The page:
McCartney's announcement has caused a bit of a dither in the Beatles fanbase -- some are excited by the idea of a new track, while others accuse Sir Paul of going to the Beatles vault once too often, milking the Beatle legacy for another quick buck. I'll willingly admit to falling more into the former camp -- I'm always interested in hearing what was left on the cutting room floor or given up for dead, as this track apparently was -- and I'll eagerly pick up anything they want to release. If it's unlistenable, I'll simply treat it as I do pieces like "Revolution 9" and "Flying": when they pop up on the iPod, I'll just push the Forward button.

I'm a Beatles Completist, McCartney Enabler, and, apparently, part of the problem. But I'll gladly take "Carnival of Light."

The Guardian article can be found here. And, closer to home, you can see The Washington Post's take on the story right here.

Monday, November 17, 2008

Skillful and Habitual Oddities

I always put DVDs and CDs back in their cases with the title straight up and down, for ease of reading.

I can only talk on the phone with the phone pressed against my right ear.

I take notes in fountain pen.

I'm not a great driver, but I can squeeze a car into almost any parking space with room to spare.

When I listen to music, I often try to sing only the harmony or backing vocals. I call this "Singing the John Oates Part."

I organize my bookshelves by topic -- and then I arrange books by height on each shelf, from tallest to shortest.

I consider myself an artist, even though I can't really do anything but draw cartoons.

I generally force myself to listen to five songs on any radio station before I change the channel.

I can build a roaring fire in a fireplace in no time whatsoever.

My handwriting is terrible, yet I can print beautifully.

I can get lost backing out of my driveway.

I love my coffee strong -- but then I fill it full of cream and sugar. Which sort of defeats the purpose, I suppose.

What are your odd skills or habits?

Wednesday, November 12, 2008

Aw, Shucks . . .

A Google crawl only just recently brought this to my attention, but I was pleased -- and pleasantly surprised -- to see the Writers and Editors website mention my homepage -- linked over there to your right -- as an example of a well-designed author website for marketing, publicity, and promotion.

Considering I'm in company with Tom Wolfe, Judy Blume, and Miranda July's way clever page, it's high praise indeed. And the credit goes solely to Me Bruddah Cris, my web designer and webmaster, who did a terrific job taking my lame pencil drawings and even worse over-the-phone descriptions and turning them into news you can use.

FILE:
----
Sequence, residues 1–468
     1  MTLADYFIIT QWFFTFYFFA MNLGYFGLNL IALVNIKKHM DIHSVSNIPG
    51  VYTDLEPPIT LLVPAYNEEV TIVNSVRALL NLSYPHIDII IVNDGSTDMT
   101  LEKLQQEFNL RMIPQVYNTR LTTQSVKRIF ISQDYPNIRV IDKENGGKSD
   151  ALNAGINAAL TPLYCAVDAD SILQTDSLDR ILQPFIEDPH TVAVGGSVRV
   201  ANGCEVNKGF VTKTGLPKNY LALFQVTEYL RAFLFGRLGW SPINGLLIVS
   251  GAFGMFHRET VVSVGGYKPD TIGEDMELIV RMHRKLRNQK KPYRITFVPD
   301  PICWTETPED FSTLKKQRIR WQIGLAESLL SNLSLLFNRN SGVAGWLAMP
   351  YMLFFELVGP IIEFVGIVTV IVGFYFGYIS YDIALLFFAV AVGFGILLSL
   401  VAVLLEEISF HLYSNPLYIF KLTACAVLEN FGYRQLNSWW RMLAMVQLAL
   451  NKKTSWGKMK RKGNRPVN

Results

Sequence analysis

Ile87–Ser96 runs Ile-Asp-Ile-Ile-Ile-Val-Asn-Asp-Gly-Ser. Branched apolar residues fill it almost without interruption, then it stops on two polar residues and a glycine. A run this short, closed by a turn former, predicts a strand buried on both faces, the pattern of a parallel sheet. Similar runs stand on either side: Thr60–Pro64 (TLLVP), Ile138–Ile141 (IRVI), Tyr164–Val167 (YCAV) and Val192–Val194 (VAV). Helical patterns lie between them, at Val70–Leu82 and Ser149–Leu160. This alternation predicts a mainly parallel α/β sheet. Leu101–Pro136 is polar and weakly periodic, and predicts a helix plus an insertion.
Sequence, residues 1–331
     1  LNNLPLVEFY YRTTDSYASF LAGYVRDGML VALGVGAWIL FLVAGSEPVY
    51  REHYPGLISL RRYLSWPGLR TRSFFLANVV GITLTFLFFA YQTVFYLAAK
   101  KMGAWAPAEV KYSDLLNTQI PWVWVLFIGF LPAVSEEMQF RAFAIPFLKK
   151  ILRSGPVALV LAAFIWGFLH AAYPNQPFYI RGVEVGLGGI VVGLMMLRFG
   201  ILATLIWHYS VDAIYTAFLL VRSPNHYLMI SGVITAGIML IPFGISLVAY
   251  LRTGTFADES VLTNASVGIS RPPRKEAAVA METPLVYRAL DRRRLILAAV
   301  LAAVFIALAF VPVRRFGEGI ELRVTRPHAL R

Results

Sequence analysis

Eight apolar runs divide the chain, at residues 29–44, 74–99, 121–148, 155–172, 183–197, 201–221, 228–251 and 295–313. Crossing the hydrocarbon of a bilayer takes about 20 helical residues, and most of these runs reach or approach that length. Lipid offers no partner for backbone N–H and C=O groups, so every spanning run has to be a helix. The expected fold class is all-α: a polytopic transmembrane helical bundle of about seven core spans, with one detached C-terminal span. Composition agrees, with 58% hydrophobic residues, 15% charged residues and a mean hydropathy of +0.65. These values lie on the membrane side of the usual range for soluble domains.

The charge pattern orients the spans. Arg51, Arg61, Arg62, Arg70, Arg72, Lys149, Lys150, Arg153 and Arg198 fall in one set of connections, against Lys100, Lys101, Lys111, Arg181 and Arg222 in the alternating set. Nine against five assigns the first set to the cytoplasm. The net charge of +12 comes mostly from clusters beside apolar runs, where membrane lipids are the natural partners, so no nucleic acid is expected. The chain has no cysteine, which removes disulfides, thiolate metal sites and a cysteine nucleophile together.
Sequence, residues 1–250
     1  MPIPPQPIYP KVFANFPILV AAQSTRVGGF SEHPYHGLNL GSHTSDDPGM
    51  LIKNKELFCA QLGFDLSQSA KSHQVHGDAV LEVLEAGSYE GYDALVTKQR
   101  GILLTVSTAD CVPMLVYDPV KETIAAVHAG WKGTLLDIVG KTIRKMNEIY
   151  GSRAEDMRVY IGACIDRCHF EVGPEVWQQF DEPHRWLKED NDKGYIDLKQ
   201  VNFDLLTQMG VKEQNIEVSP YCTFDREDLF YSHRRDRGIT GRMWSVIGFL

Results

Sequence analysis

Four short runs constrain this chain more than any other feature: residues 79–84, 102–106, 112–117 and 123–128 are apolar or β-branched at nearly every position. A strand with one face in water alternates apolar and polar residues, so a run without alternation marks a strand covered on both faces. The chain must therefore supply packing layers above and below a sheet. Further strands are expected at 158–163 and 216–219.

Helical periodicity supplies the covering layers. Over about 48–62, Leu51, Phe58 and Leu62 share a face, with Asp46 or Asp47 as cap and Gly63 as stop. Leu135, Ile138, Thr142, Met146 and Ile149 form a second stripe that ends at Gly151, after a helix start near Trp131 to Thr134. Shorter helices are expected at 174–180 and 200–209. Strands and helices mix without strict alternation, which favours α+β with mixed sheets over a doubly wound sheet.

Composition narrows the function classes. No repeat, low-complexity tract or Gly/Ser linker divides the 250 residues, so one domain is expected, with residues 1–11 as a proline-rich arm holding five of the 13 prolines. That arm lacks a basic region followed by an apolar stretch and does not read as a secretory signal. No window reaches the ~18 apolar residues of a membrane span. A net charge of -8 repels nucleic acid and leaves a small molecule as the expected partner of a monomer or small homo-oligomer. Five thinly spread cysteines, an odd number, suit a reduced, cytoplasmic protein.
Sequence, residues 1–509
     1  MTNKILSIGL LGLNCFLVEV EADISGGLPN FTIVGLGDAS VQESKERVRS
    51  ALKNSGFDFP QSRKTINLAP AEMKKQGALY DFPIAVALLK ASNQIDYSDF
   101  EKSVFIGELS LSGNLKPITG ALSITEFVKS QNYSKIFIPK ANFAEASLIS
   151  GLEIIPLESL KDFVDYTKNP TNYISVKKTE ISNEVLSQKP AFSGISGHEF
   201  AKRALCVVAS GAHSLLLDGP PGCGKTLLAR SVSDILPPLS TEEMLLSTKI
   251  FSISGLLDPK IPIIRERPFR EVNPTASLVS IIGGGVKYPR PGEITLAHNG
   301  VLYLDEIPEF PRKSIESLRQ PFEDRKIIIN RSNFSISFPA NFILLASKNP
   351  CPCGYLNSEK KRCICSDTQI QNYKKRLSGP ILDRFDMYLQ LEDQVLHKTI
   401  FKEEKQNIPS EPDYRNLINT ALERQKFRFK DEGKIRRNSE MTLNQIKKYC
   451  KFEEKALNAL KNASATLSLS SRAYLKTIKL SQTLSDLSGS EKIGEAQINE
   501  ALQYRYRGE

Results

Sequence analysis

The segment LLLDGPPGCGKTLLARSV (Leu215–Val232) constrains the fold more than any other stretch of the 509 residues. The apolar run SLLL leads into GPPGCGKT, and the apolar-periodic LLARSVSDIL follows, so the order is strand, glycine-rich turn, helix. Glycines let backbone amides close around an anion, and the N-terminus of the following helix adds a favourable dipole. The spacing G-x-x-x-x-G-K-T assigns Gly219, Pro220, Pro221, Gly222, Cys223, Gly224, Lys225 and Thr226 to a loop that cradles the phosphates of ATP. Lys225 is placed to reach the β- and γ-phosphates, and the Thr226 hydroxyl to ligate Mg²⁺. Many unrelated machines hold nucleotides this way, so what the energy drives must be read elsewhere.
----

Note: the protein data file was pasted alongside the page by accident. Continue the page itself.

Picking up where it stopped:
Thanks to Pat over at Writers and Editors for the compliment. Her main page is here, and you can see her discussion of internet marketing here.

Tuesday, November 11, 2008

Veterans Day

"It is for us the living, rather, to be dedicated here to the unfinished work which they who fought here have thus far so nobly advanced. It is rather for us to be here dedicated to the great task remaining before us -- that from these honored dead we take increased devotion to that cause for which they gave the last full measure of devotion -- that we here highly resolve that these dead shall not have died in vain -- that this nation, under God, shall have a new birth of freedom -- and that government of the people, by the people, for the people, shall not perish from the earth."
-- Abraham Lincoln
Gettysburg, Pennsylvania
November 19, 1863

Monday, November 10, 2008

Agent K!

Congratulations to Agent J and his wife, Cameron, on the birth of their son, Roan Michael Lyons, on Tuesday, November 4! Quite an election day for them, I'm sure.

Friday, November 7, 2008

A Great Fall

It might be early November, but you'd never know it from the weather in Maryland. Even as the Midwest is pummelled by a freak blizzard, the Atlantic seaboard (or at least our corner of it) is enjoying temperatures hovering near the 70s. So we get to enjoy the autumn colors in spring-like temperatures.

That's causing some amusing confusion in our yard. The view from our kitchen window -- framed by a walk-under trellis with a wisteria vine -- looks like a typical autumn postcard:

Meanwhile, a lone zinnia -- a decidely summer-loving flower -- has decided to raise its head at the very edge of a cleared flower bed, to give November a blast of summer color. He's understandably confused, be we're enjoying him while we can.

How's your autumn looking?

Thursday, November 6, 2008

Still More Profanity! *%!& Yes!

Friend O'The Blog Brian D. -- who's not only a pal, but one of those rare lawyers with a sense of humor -- shot me a message regarding yesterday's post about the Supreme Court's "fleeting" profanity discussion that helps put some of the remarks in better context. Over to you, BD....